Welcome back, big guy | VailDaily.com

Welcome back, big guy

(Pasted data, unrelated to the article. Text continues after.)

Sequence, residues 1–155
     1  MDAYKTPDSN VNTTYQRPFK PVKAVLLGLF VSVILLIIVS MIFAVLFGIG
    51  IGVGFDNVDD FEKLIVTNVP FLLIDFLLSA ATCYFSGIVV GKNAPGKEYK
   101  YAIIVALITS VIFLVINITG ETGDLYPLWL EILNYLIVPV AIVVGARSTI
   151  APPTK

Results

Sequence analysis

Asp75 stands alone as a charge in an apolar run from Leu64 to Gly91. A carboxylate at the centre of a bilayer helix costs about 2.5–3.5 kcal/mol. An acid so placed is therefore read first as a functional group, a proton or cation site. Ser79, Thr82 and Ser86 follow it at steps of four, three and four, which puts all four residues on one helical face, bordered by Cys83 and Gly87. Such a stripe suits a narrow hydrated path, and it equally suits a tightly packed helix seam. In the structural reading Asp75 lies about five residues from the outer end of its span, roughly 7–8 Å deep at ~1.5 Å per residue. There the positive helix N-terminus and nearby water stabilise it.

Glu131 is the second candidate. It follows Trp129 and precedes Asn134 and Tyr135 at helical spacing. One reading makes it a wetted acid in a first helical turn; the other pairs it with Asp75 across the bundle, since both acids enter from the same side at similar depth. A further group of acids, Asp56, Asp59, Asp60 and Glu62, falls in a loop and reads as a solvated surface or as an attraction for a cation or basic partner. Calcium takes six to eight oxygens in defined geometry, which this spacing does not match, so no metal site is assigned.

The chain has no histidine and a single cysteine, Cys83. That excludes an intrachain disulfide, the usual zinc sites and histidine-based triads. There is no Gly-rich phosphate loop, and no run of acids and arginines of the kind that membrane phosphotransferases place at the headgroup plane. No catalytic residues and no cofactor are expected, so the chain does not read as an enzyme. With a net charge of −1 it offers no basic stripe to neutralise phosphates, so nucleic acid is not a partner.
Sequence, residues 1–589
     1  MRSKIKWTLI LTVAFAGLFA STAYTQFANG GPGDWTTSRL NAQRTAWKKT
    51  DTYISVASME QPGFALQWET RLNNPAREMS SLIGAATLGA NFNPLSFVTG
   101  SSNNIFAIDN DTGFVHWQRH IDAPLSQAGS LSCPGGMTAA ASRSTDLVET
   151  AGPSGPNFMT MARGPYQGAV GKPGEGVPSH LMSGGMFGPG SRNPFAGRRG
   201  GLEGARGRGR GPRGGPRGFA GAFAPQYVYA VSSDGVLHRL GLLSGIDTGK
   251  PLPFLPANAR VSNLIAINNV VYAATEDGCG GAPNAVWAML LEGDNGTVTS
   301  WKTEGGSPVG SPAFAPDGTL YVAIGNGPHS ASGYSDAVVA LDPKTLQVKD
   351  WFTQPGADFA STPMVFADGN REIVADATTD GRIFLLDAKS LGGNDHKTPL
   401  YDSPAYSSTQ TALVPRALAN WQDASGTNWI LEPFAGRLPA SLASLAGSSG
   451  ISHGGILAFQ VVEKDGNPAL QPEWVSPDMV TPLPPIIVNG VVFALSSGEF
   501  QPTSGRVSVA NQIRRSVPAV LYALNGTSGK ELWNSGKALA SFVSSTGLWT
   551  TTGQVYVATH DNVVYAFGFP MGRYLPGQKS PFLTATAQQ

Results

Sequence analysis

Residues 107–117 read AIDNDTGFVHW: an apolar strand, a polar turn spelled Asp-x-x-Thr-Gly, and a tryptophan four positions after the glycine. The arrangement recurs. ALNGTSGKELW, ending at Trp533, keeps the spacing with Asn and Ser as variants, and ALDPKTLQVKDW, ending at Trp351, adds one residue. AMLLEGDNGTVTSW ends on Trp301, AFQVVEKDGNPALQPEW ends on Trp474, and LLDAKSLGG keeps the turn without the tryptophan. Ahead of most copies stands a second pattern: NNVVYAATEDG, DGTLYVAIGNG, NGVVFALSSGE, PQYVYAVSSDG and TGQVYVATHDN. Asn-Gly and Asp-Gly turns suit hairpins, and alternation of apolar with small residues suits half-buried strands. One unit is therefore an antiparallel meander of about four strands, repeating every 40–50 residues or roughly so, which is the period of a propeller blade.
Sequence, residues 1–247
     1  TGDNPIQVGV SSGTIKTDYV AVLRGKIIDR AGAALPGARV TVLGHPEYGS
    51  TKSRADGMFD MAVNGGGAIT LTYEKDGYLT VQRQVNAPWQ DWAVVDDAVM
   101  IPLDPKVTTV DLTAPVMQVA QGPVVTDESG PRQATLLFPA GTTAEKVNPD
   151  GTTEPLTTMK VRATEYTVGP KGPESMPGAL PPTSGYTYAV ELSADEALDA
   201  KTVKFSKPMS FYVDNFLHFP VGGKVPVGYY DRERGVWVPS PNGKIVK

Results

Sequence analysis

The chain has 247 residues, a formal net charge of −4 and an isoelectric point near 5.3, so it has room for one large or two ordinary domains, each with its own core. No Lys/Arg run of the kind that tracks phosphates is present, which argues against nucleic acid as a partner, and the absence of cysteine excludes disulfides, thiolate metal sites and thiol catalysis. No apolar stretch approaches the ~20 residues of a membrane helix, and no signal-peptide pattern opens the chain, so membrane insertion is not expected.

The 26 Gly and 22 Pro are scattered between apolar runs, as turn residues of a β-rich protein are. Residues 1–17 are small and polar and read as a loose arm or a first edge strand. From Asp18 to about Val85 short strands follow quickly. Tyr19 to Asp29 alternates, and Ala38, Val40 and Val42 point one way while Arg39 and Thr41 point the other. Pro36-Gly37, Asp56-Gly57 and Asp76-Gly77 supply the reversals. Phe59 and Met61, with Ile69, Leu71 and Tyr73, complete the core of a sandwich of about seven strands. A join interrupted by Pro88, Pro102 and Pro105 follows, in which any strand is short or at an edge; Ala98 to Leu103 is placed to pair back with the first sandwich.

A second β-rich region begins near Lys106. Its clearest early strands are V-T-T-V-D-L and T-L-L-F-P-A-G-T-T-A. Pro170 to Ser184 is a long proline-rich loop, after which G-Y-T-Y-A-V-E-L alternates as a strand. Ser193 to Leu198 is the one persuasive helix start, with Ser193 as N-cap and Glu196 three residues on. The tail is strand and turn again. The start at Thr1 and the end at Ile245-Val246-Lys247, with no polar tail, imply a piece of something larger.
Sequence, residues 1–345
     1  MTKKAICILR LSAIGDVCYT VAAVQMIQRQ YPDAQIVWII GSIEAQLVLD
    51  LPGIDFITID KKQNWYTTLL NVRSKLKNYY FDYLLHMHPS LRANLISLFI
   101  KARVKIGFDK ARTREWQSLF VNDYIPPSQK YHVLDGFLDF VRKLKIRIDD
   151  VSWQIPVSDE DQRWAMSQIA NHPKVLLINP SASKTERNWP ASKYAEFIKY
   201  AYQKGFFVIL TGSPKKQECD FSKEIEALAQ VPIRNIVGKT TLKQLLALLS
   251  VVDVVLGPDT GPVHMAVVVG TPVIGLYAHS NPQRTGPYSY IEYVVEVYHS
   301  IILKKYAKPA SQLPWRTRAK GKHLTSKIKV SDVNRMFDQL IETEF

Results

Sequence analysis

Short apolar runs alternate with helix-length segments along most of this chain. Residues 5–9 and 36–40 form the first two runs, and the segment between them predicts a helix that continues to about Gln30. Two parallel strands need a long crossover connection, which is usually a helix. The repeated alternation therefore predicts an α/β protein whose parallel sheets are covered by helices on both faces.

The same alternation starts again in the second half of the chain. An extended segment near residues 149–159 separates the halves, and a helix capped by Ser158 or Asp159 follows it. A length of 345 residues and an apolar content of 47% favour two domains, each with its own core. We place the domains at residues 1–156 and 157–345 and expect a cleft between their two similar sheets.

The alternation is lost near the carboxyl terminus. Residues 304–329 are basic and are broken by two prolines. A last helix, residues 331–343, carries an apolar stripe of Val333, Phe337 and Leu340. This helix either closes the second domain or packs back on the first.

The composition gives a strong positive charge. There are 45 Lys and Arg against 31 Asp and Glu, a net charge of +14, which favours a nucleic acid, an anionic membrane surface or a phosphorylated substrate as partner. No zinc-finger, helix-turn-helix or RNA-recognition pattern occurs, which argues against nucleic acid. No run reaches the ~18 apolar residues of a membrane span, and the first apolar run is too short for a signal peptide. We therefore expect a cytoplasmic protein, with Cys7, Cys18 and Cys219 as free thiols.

The lightning flashed, and I heard laughter.The laughter came from the Motorcycle Gods, who were giving a properly wet greeting to a former acolyte, me. Between guffaws, I heard something else: “Welcome back, big guy.”I recently purchased an old motorcycle for summer commuting and pleasure riding. The search for an old (meaning: cheap) bike began in March, when my wife shot me an off-hand remark just after I started work here: “If you’re going to be commuting, you should get a motorcycle for the summer.”My reply, of course, was, “You’re absolutely right,” and the search was on.After a few months of searching, I uncovered the right bike at the right price, rode it home that Saturday, and got thoroughly soaked in the process. The Motorcycle Gods have kept me relatively safe over the years, but in return they reserve the right to mock me: “So, you wanted a bike, huh? Here, we’ll help you christen it (splash!)!”Still, until I got whacked with the pea-sized hail, even being wet was OK, just part of the drill. Baseball games might get called off due to showers, but not riding home.It’s true that once you learn to ride you never forget, but being bikeless for more than a decade, it’s easy to forget some of the finer points of internal combustion on two wheels, such as:• Weather: More than rain, motorcycling exposes riders to wind, subtle temperature changes and other things four-wheel drivers never experience, and much faster than those who pedal. For instance, it’s hard to imagine how much air an 18-wheeler disturbs until you’ve hit the turbulence a couple of hundred yards back.The good side of that coin is you’ll never experience zones of heat and cool riding through farm country in a car.Weather can be maddening or a delight, but dealing with the elements is part of the adventure.• Adventure: Even a simple trip to work becomes a minor expedition on a bike. That’s fine, but make no mistake, gearing up for even a half-hour ride adds time to the trip. If you’re of the right disposition, though, the fun is worth a few extra moments.• Nuance: As opposed to John Kerry’s Senate voting record, nuance on two wheels is easy to write about. But it’s hard to master.Braking into and through corners – with the right hand squeezing the front binders, the right foot the rear – might be the trickiest thing to relearn, followed closely by the subtle twitches needed for small direction changes, and just how much squirming around on the seat is possible without sending the machine careening across the lanes.While relearning the old tricks, old dogs are keenly aware of the error margin, which is pretty thin. Yes, it’s like bicycling, but the difference in speed magnifies everything. Rolling along at 70 mph or more with boot soles barely a foot off the ground is a serious reminder that you’re on a vehicle, not in one.Getting back into the two-wheeled swing of things is pretty much like old times again, and it’s a blast. Until the hail hits and the water starts sloshing around in my shoes. It’s nice to be back.Staff Writer Scott Miller can be reached at 949-0555, ext. 612, or smiller@vaildaily.com

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